IT MAY BE inevitable that the beginning of the World Council of Churches’ Decade to Overcome Violence should be marked by the question of whether it is ever appropriate to use violence to end violence. The moderator of the WCC’s central committee, Catholicos Aram I, posed that question at a recent meeting.
Referring to the situation in Israel he said: “Violence is evil; yet for some, living under conditions of injustice and oppression, where all means of non-violent actions are used up, violence remains an unavoidable alternative, a last resort.”
For some, such a position, from a Christian leader, seems absurd. How can we follow the Prince of Peace down the path of violence? How can we resort to the use of lethal force if we are told to “love our enemies.” Yet others see the pacifism implied in this response as unrealistic, out of touch with the dreadful realities under which many people live and the lack of options they have in the face of political oppression or military occupation.
This is an old debate that reaches back into the early centuries of the church’s existence. At its very beginning, the church was pacifist, believing that resorting to violence was incompatible with the call of the gospel. As the church moved from being a marginal, sectarian group to acceptance as part of the religious landscape of the Roman Empire some argued that the new political freedoms brought with them new responsibilities. For thinkers like Augustine, it was not appropriate to enjoy the benefits of political stability, without showing willingness to share in the costs, including military service.
Augustine’s position is a remarkable one for its time for two reasons. First, he condemns the use of violence in self-defence. Second, although he allows the use of violence to defend the interests of others as an expression of love and concern for the victims of injustice and oppression, he sets out conditions under which it is appropriate to refuse to engage in violence and thus disobey the the state. In his day, this was an extraordinarily subversive possibility.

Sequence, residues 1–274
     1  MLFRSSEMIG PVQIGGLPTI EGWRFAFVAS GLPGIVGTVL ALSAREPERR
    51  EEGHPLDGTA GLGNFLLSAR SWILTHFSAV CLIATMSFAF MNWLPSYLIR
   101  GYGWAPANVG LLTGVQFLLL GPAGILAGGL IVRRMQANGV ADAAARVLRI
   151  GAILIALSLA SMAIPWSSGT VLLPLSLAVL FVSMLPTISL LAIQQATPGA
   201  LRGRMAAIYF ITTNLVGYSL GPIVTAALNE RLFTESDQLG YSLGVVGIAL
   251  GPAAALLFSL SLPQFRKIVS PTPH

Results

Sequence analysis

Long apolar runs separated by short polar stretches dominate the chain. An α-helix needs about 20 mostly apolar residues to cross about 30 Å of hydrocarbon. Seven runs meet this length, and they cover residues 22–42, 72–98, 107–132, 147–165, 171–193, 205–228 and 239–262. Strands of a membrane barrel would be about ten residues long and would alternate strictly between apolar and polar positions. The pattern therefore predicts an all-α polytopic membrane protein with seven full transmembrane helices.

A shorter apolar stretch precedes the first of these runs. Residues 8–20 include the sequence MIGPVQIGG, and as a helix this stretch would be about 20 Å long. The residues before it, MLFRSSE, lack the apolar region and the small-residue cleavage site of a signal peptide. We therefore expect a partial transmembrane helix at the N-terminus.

Augustine’s conditions form the basis of principles usually referred to as the Just War theory, by which Christians have sought to distinguish conflicts that are justified from those which are not. This distinction has always been easier in theory and with hindsight. Since 1930, successive Lambeth Conferences have criticized the resort to violence to resolve economic, cultural, political, or religious disputes. However, in 1988, under pressure not to isolate those in South Africa who believed that only armed conflict would end apartheid, the bishops added that the conference, “understands those who, after exhausting all other ways, choose the way of armed struggle as the only way to justice, whilst drawing attention to the dangers and injustices possible in such action itself.”
This provoked a protest from bishops from Ireland who saw the clause as a possible justification of the use of violence by both Protestant and Catholic paramilitary groups in Northern Ireland. The statement had earlier condemned terrorism, but the distinction between terrorist and freedom fighter has often appeared tenuous.
The statement also recognizes the dangers in the appeal to violence. Thinkers like Jacques Ellul have expressed this in terms of the potential for an upward spiral in which the use of violence to overcome oppression justifies further violence on the part of the oppressor, which demands yet more violence to bring about an end to the situation.
Yet others question whether the pacifism implicit in this position adequately acknowledges the experience of those who suffer oppression or military occupation. It is interesting that the Lambeth statement did not endorse violence itself, but merely acknowledged and expressed sympathy for those who felt they had no other choice.
Clearly, as we enter the Decade to Overcome Violence this month, we must acknowledge with Catholicos Aram that churches have not reached a “common understanding” on the role of violence in combating injustice and overcoming violence. Many do not share his views on how to respond to the situation in Israel, or on the wider question of how we pursue peace with justice. At least a part of the work of this decade must be to seek greater clarity on the things that make for peace. In the Anglican Church of Canada, the Ecojustice Committee is beginning that work with a re-examination of the traditions of peace-making, and the effectiveness of the appeal to Just War theories.
It is important to remember that lack of common understanding at this point can be exaggerated. All parties to this discussion should share a common goal, which is a commitment to the pursuit of what the Old Testament calls shalom. Often translated simply as peace, this word also contains ideals of the justice and wholeness that mark human flourishing.
In light of this, perhaps the real issue is not the negative question of how we end violence, but the more positive task of how we build and model communities of peace. Perhaps we need not simply to teach peace, but to live it.
Canon Eric Beresford is consultant for ethics and interfaith relations for General Synod.